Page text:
Stateful Functions 2.2.0 Release Announcement

28 Sep 2020 Tzu-Li (Gordon) Tai (@tzulitai) & Igal Shilman (@IgalShilman)

The Apache Flink community is happy to announce the release of Stateful Functions (StateFun) 2.2.0! This release introduces major features that extend the SDKs, such as support for asynchronous functions in the Python SDK, new persisted state constructs, and a new SDK that allows embedding StateFun functions within a Flink DataStream job. Moreover, we’ve also included important changes that improve out-of-the-box stability for common workloads, as well as increased observability for operational purposes.

We’ve also seen new 3rd party SDKs for StateFun being developed since the last release. While they are not part of the release artifacts, it’s great seeing these community-driven additions! We’ve highlighted these efforts below in this announcement.

The binary distribution and source artifacts are now available on the updated Downloads page of the Flink website, and the most recent Python SDK distribution is available on PyPI. For more details, check the complete release changelog and the updated documentation. We encourage you to download the release and share your feedback with the community through the Flink mailing lists or JIRA!

New Features

Asynchronous functions in Python SDK

This release enables registering asynchronous Python functions as stateful functions by introducing a new handler in the Python SDK: AsyncRequestReplyHandler. This allows serving StateFun functions with Python web frameworks that support asynchronous IO natively (for example, aiohttp):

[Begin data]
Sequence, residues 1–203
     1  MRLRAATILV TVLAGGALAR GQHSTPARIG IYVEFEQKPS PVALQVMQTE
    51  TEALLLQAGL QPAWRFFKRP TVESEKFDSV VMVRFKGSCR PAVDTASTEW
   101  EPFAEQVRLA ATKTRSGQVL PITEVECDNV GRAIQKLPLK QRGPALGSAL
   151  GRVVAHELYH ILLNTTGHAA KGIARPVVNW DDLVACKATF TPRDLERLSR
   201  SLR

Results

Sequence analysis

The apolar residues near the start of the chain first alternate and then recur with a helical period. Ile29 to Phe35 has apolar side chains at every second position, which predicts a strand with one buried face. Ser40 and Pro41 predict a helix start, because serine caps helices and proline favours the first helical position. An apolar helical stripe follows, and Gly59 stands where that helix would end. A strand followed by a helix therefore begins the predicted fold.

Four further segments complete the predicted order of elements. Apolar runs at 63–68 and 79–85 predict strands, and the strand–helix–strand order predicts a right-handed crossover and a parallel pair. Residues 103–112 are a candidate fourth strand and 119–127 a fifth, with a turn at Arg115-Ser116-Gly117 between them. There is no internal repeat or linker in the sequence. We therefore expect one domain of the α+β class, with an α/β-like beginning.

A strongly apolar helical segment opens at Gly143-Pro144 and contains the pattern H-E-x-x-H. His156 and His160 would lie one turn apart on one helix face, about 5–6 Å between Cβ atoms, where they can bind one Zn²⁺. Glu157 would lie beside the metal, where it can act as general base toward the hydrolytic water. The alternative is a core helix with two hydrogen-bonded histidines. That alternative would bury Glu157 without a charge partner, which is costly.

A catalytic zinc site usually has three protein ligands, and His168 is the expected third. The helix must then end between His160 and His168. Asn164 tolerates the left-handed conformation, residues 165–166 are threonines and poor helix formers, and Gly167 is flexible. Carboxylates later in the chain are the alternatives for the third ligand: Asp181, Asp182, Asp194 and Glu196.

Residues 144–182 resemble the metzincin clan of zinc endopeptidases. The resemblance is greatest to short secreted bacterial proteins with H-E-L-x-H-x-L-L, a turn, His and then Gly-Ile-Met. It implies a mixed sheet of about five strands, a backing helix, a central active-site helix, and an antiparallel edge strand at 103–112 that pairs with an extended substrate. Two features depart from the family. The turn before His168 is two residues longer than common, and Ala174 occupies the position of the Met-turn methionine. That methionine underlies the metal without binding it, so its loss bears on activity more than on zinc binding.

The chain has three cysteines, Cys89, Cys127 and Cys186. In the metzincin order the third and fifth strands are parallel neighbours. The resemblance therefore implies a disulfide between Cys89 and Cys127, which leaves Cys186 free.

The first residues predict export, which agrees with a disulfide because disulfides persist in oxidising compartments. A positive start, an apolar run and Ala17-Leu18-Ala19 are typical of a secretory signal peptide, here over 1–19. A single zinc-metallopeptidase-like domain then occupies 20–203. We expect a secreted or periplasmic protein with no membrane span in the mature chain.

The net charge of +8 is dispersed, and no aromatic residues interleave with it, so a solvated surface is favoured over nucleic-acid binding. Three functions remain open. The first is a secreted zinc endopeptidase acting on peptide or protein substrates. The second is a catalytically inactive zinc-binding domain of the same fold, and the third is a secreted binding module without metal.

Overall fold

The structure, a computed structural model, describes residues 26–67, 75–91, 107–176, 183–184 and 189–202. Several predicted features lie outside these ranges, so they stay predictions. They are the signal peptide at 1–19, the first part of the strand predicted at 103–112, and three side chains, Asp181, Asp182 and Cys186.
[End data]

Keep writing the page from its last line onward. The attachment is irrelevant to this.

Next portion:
from statefun import StatefulFunctions
from statefun import AsyncRequestReplyHandler

functions = StatefulFunctions()

@functions.bind("example/greeter")
async def greeter(context, message):
  html = await fetch(session, 'http://....')
  context.pack_and_reply(SomeProtobufMessage(html))

# expose this handler via an async web framework
handler = AsyncRequestReplyHandler(functions)

For more details, please see the docs on exposing Python functions.

Using this SDK, you may combine pipelines written with the Flink DataStream API or higher-level libraries (such as Table API, CEP etc., basically anything that can consume or produce a DataStream) with the programming constructs provided by Stateful Functions, as demonstrated below:

StreamExecutionEnvironment env = StreamExecutionEnvironment.getExecutionEnvironment();

DataStream<RoutableMessage> namesIngress = ...

StatefulFunctionEgressStreams egresses =
    StatefulFunctionDataStreamBuilder.builder("example")
        .withDataStreamAsIngress(namesIngress)
        .withRequestReplyRemoteFunction(
            RequestReplyFunctionBuilder.requestReplyFunctionBuilder(